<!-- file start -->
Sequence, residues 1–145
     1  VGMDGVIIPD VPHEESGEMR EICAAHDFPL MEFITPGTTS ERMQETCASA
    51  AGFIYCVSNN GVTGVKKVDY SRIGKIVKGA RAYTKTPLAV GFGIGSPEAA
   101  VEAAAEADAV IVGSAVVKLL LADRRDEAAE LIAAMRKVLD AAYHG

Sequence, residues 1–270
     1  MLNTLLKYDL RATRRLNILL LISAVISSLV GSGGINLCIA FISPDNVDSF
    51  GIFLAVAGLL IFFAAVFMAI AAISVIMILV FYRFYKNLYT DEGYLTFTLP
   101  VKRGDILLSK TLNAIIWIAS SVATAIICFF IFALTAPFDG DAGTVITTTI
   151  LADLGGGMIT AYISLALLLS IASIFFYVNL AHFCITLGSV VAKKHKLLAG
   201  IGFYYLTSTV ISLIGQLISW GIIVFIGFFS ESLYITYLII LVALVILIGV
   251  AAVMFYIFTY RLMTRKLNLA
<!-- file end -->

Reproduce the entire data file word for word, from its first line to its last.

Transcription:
Sequence, residues 1–145
     1  VGMDGVIIPD VPHEESGEMR EICAAHDFPL MEFITPGTTS ERMQETCASA
    51  AGFIYCVSNN GVTGVKKVDY SRIGKIVKGA RAYTKTPLAV GFGIGSPEAA
   101  VEAAAEADAV IVGSAVVKLL LADRRDEAAE LIAAMRKVLD AAYHG

Sequence, residues 1–270
     1  MLNTLLKYDL RATRRLNILL LISAVISSLV GSGGINLCIA FISPDNVDSF
    51  GIFLAVAGLL IFFAAVFMAI AAISVIMILV FYRFYKNLYT DEGYLTFTLP
   101  VKRGDILLSK TLNAIIWIAS SVATAIICFF IFALTAPFDG DAGTVITTTI
   151  LADLGGGMIT AYISLALLLS IASIFFYVNL AHFCITLGSV VAKKHKLLAG
   201  IGFYYLTSTV ISLIGQLISW GIIVFIGFFS ESLYITYLII LVALVILIGV
   251  AAVMFYIFTY RLMTRKLNLA